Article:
VietNamNet Bridge – At the beginning of December some banks cut deposit interest rates by 0.1-0.2 percentage points.
The Bank of Investment Development of Viet Nam (BIDV) reduced the interest rate on non-term deposits from 0.3 per cent to 0.2 per cent, and on 36-month deposits, from 7 per cent to 6.8 per cent.
The Agriculture and Rural Development Bank cut its non-term deposit interest rate from 0.5 per cent to 0.3 per cent.
The Sai Gon Thuong Tin Joint Stock Commercial Bank (Sacombank) reduced the interest on short-term deposits by 0.1 percentagage point.
But analysts believe not all banks will buy into this trend, with some thinking that the interest rates might even go up later this month and in the early part of the new year.
They said the interest rates are beginning to come under relentless pressure since the dollar has started to appreciate strongly after the US Federal Reserve (FED) recently increased interest rates and indicated more rate hikes are to come.
This is likely to encourage people to shift from the dong to the dollar, which will threaten banks’ đong liquidity.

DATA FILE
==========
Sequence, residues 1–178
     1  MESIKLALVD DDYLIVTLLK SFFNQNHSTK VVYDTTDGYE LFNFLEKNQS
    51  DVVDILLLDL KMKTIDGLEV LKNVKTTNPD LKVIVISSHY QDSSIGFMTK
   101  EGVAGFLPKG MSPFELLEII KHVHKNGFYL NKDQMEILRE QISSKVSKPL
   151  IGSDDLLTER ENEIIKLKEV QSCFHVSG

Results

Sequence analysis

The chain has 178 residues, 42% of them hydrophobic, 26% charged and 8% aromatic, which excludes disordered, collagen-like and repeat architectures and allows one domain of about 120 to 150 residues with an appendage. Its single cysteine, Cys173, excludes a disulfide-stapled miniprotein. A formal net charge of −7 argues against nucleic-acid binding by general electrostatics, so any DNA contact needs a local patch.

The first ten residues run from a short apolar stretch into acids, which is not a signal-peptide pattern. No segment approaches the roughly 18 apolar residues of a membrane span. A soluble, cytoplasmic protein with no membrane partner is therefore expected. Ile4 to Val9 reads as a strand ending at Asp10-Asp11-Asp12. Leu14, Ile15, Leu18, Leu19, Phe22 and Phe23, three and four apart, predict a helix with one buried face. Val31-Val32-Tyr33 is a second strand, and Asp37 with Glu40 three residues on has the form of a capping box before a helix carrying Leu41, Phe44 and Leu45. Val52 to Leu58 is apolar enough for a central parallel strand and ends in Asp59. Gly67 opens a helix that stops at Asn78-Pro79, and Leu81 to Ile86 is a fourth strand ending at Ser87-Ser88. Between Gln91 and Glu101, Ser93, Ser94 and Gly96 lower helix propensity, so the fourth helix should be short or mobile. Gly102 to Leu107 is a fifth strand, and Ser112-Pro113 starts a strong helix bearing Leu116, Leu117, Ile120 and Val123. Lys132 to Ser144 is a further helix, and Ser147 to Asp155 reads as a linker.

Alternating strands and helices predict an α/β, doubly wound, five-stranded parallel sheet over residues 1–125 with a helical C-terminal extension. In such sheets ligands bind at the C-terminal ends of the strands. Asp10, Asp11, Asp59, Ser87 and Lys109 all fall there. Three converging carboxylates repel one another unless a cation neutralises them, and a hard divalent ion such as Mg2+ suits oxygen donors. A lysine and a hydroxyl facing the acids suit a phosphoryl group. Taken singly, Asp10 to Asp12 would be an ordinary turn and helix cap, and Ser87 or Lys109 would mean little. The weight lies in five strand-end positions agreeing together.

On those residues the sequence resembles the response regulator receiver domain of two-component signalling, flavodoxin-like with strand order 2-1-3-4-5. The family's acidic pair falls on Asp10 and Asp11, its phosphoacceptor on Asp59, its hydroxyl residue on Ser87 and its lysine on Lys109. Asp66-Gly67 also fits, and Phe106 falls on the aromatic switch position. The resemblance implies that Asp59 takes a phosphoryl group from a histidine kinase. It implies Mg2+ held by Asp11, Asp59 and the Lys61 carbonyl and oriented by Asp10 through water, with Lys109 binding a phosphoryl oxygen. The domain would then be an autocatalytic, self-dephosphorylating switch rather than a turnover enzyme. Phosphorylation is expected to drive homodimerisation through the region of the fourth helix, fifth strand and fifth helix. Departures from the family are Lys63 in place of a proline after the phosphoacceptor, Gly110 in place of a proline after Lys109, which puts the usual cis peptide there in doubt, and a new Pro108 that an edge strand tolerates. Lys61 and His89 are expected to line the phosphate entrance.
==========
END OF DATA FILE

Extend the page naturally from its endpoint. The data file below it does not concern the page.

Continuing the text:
Thus, many banks have plans to increase deposit interest rates to improve their liquidity since lending activities usually surge now, the year’s peak business season.
The liquidity is also affected by other factors.
By November, the banking sector’s credit growth rate reached 15.8 per cent.
This means that to realise the year’s credit growth target of between 18 and 20 per cent, banks would have to accelerate mobilisation of deposits to ensure they have enough liquidity to fund their lending.
The analysts said bad debts have also had an impact on interest rates.
According to the State Bank of Viet Nam, since 2013 the Viet Nam Asset Management Company (VAMC) bought bad debts totally worth VND262.054 trillion (about US$11.65 billion) from banks, but has recovered only VND37.938 trillion ($1.67 billion), or just 15 per cent.
This has a lingering impact on the financial ability of many credit institutions.
Besides, new bad debts continue to plague some of the banks.
BIDV, for instance, in the first nine months of this year reported bad debts of VND13.217 trillion ($587.42 million), or 1.96 per cent of its outstanding loans.
Notably, irrecoverable debts increased to VND7…